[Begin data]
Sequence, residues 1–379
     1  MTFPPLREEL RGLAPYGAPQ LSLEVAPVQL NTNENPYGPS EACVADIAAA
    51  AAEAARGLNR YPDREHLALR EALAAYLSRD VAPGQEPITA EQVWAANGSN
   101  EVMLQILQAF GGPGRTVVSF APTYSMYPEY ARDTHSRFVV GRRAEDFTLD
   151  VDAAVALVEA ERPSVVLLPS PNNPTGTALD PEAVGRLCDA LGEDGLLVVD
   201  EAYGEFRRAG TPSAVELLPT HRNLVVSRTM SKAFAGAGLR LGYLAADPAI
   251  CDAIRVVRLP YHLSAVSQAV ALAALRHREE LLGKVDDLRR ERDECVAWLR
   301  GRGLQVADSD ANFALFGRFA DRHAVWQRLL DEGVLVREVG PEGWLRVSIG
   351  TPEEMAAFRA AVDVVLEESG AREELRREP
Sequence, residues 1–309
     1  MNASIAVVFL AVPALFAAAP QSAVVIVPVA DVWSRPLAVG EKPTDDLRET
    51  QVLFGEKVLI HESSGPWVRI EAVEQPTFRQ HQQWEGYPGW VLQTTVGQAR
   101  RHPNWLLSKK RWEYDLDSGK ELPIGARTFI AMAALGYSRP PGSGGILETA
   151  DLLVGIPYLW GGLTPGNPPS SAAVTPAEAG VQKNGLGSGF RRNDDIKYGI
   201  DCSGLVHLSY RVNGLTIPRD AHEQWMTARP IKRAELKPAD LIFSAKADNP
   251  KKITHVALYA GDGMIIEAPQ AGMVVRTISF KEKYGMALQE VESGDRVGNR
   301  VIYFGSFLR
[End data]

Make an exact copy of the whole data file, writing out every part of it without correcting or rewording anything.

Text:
Sequence, residues 1–379
     1  MTFPPLREEL RGLAPYGAPQ LSLEVAPVQL NTNENPYGPS EACVADIAAA
    51  AAEAARGLNR YPDREHLALR EALAAYLSRD VAPGQEPITA EQVWAANGSN
   101  EVMLQILQAF GGPGRTVVSF APTYSMYPEY ARDTHSRFVV GRRAEDFTLD
   151  VDAAVALVEA ERPSVVLLPS PNNPTGTALD PEAVGRLCDA LGEDGLLVVD
   201  EAYGEFRRAG TPSAVELLPT HRNLVVSRTM SKAFAGAGLR LGYLAADPAI
   251  CDAIRVVRLP YHLSAVSQAV ALAALRHREE LLGKVDDLRR ERDECVAWLR
   301  GRGLQVADSD ANFALFGRFA DRHAVWQRLL DEGVLVREVG PEGWLRVSIG
   351  TPEEMAAFRA AVDVVLEESG AREELRREP
Sequence, residues 1–309
     1  MNASIAVVFL AVPALFAAAP QSAVVIVPVA DVWSRPLAVG EKPTDDLRET
    51  QVLFGEKVLI HESSGPWVRI EAVEQPTFRQ HQQWEGYPGW VLQTTVGQAR
   101  RHPNWLLSKK RWEYDLDSGK ELPIGARTFI AMAALGYSRP PGSGGILETA
   151  DLLVGIPYLW GGLTPGNPPS SAAVTPAEAG VQKNGLGSGF RRNDDIKYGI
   201  DCSGLVHLSY RVNGLTIPRD AHEQWMTARP IKRAELKPAD LIFSAKADNP
   251  KKITHVALYA GDGMIIEAPQ AGMVVRTISF KEKYGMALQE VESGDRVGNR
   301  VIYFGSFLR